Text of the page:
Referring now to FIGURES 3 and 4 of the drawing, there is shown a substrate 14 having a plurality of con ductors 15 and a plurality of resistors 16 thereon. The choice of conductor material is governed by a number of factors including adhesion to substrate and to adjacent layers, and compatibility with materials of adjacent layers. Metals such as chromium, titanium, and aluminum adhere tenaciously to other metals, glass and ceramics, but are extremely difficult to holder because they form an oxide coating. On the other hand, metals such as copper, gold, and silver are easily soldered, but do not adhere Well to glass or ceramic. Consequently, it is often desirable to use two or more metals to obtain a satisfactory conductor, such for example, as by first depositing a layer of chromium, and then depositing a layer of gold on the chromium before the chromium has had time to form an oxide coating thereon.
A suitable thin film resistor material should be chemi-cally inert to atmospheric gases, electrically and thermally stable, and relatively free of electrical and thermal noise. In addition, the film should be capable of adhering tenaciously to the substrate and have a coeflicient of thermal expansion approximating that of the substrate material. One widely used thin film material is tin oxide which is deposited on a substrate by the hydrolysis of tin chloride. Other widely used materials are tantalum and nickel-chromium.
An adhesive is applied to the side of printed circuitry board 11 that does not have any conductors thereon and board 11 is then folded in half whereupon the two halves become cemented together. The ends of conductors 12 that are to be fastened to substrate 14 are then loosened, as shown in FIGURE 5 of the drawing.
Next a substrate 14 is attached, as by cementing, to each side of the folded printed circuitry board 11. In order to facilitate location of the susbtrates 14 on board 11, location markers 17 are provided on board 11. After the substrates 14 are secured in position, the loosened ends of conductors 12 are secured, as by soldering, to the appropriate areas on substrates 14. As best shown in FIGURE 7 of the drawing, a strain relief loop 18 is formed before each conductor is attached to substrate 147 This loop 18 permits a small amount of relative movement between substrates 14 and printed circuitry board 11, and thus helps prevent the conductors 15 from being peeled off of substrate 14.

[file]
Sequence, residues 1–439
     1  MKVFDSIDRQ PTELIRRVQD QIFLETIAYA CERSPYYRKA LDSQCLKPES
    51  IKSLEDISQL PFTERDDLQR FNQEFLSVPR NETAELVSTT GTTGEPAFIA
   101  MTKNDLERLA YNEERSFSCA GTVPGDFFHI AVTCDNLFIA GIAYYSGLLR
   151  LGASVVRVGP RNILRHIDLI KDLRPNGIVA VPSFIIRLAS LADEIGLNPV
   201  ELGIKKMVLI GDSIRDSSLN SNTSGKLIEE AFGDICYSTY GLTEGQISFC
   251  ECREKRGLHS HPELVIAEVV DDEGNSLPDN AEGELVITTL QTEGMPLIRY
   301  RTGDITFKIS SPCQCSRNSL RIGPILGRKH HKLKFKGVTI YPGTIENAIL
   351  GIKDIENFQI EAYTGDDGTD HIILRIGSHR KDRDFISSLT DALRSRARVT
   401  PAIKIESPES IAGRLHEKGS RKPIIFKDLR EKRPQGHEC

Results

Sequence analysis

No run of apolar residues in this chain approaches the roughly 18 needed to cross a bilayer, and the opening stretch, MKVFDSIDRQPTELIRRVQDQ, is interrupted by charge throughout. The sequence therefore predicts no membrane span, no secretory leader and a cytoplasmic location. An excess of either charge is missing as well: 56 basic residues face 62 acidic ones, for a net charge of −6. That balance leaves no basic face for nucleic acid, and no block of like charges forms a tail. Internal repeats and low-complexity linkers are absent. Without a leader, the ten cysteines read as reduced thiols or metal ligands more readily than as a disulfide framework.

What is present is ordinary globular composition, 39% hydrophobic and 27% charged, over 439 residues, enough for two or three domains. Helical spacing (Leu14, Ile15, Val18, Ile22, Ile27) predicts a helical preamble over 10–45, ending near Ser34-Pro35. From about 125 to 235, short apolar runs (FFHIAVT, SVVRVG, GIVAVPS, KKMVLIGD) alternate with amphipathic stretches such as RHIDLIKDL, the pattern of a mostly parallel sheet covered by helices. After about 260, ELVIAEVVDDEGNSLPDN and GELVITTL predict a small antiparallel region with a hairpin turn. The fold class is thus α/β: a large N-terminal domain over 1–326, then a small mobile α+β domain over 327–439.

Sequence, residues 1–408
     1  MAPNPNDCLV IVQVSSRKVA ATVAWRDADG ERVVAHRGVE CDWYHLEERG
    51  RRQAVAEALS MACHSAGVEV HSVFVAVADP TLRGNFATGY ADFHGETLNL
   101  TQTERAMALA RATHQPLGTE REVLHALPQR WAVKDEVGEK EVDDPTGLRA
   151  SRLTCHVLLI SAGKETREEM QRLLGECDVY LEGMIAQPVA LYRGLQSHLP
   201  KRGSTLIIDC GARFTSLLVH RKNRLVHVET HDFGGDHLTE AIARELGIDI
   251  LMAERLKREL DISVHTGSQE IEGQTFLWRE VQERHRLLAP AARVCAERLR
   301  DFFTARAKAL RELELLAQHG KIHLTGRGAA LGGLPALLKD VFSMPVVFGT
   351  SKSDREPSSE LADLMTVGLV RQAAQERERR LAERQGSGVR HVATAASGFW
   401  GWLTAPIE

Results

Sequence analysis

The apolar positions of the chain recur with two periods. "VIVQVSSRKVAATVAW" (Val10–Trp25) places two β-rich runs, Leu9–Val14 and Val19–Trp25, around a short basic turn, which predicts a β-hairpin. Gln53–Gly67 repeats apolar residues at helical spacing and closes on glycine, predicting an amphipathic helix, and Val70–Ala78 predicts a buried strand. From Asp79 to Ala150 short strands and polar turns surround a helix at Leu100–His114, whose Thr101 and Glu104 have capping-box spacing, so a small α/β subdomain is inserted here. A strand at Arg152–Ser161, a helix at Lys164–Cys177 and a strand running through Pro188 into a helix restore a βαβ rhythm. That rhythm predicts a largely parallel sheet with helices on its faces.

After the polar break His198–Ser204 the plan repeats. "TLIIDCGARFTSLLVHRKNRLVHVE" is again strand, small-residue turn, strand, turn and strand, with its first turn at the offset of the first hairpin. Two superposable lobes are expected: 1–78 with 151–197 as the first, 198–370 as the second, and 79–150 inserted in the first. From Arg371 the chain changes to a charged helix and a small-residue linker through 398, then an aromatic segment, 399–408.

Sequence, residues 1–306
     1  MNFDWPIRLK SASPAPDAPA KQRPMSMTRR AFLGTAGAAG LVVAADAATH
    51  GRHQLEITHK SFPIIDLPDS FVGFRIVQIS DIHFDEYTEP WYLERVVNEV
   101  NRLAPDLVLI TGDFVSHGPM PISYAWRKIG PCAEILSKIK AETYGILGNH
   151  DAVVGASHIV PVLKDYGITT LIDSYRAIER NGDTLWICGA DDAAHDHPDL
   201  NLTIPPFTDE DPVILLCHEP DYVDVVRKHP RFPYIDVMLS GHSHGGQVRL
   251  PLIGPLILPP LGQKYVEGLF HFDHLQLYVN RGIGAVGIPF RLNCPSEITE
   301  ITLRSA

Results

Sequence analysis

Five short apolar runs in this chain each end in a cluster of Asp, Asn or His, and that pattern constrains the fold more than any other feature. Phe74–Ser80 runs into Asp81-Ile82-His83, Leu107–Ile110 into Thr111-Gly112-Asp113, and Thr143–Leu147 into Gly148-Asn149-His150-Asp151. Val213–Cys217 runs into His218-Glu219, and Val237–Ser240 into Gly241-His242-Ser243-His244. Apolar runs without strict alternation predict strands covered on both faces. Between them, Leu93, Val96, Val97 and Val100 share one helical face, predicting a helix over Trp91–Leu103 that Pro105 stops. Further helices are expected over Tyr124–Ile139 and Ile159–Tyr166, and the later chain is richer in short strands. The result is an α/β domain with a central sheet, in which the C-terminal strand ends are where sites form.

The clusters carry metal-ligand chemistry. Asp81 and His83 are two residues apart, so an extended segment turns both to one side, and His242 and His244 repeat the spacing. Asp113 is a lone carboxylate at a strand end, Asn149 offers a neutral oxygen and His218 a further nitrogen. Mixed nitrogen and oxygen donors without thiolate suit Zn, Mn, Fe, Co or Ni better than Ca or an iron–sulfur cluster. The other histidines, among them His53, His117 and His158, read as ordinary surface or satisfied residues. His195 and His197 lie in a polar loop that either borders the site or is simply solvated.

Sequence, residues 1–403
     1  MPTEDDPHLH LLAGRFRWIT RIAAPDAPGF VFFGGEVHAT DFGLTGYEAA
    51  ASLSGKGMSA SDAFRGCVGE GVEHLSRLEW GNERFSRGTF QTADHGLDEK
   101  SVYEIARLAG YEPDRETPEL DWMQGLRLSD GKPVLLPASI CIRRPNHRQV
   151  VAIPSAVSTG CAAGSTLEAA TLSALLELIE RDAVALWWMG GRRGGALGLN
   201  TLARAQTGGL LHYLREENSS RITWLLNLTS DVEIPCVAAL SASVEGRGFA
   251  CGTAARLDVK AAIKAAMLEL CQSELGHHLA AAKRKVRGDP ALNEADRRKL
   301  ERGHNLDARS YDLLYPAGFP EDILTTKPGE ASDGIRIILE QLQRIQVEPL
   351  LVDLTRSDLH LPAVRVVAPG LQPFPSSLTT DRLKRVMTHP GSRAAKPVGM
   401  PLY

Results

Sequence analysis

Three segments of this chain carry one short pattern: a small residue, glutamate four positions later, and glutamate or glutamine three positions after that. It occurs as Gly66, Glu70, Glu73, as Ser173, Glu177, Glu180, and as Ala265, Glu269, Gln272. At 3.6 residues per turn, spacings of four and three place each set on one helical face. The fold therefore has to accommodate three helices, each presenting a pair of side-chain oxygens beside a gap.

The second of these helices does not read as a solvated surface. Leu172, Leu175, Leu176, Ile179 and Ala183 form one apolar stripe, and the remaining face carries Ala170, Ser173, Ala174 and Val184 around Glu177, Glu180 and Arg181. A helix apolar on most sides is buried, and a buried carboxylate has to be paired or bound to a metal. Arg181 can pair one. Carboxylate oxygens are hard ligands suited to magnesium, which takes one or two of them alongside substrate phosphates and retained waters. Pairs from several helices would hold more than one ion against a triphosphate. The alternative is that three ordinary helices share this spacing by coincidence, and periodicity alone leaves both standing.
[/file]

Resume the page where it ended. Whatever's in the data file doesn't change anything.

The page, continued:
It can thus be seen that the present invention provides an improved method of making an electronic module that can be used as a plug-in unit.
Obviously many modifications and variations of the present invention are possible in the light of the above teachings. It is therefore to be understood, that within the scope of the appended claims, the invention may be practiced otherwise than asspecifically described.
q 0 What is claimed is: 1. A method of making an electronic module comprising:
first folding in half a flexible printed circuitry board having a plurality of conductors on one side thereof, said board being folded whereby said conductors are on the outer side of each folded half,
then loosening from each half of said board an end portion of said conductors, then securing the substrate of an integrated circuitry component having conductors thereon to each side of said folded board, and
then juxtaposing and making electrical connections between the conductors of said integrated circuitry components and the-loosened portions of said conductors on said printed circuitry board.
2. A method of making an electronic module as set forth in claim 1 wherein a strain-relief loop is formed in the loosened portion of each said conductor when each said conductor is connected to a conductor on said integrated circuitry component.
3. A method of making an electronic module com- 1 prising:
first depositing a plurality of electrical components in- 4 eluding a plurality of conductors on a nonconducting substrate,
then folding in half a flexible printed circuitry board having an adhesive on one side and a plurality of conductors on the other side, said board being folded whereby said conductors are on the outer side of each folded half;
then loosening from said printed circuitry board a portion of said conductors,
securing the substrate to one side of the board, and
then soldering the loosened portion of said conductors on said printed circuitry board to the component conductors on said substrate.
4. A method of making an electronic moduleas set forth in claim 3 wherein a strain-relief loop is formed in the loosened portion of each said conductor when said conductor is soldered one each to each said component conductor on said substrate.
No references cited.
WHITMORE A. WILTZ, Primar Examiner.
W. I. BROOKS, Assistant Examiner.
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|U.S. Classification||29/854, 439/78, 439/79, 361/749, 439/68, 361/776, 439/77|
|International Classification||H05K1/11, H05K1/03, H05K3/30, H05K3/40, H05K3/34, H05K3/36, H05K1/16, H05K1/14|
|Cooperative Classification||H05K1/147, H05K2201/055, H05K1/118, H05K2201/10477, H05K3/3405, H05K1/141, H05K2201/0397, H05K3/305, H05K1/0306, H05K1/16, H05K3/4092, H05K1/117, H05K2201/09781, H05K3/368|
|European Classification||H05K1/14F, H05K3/40T|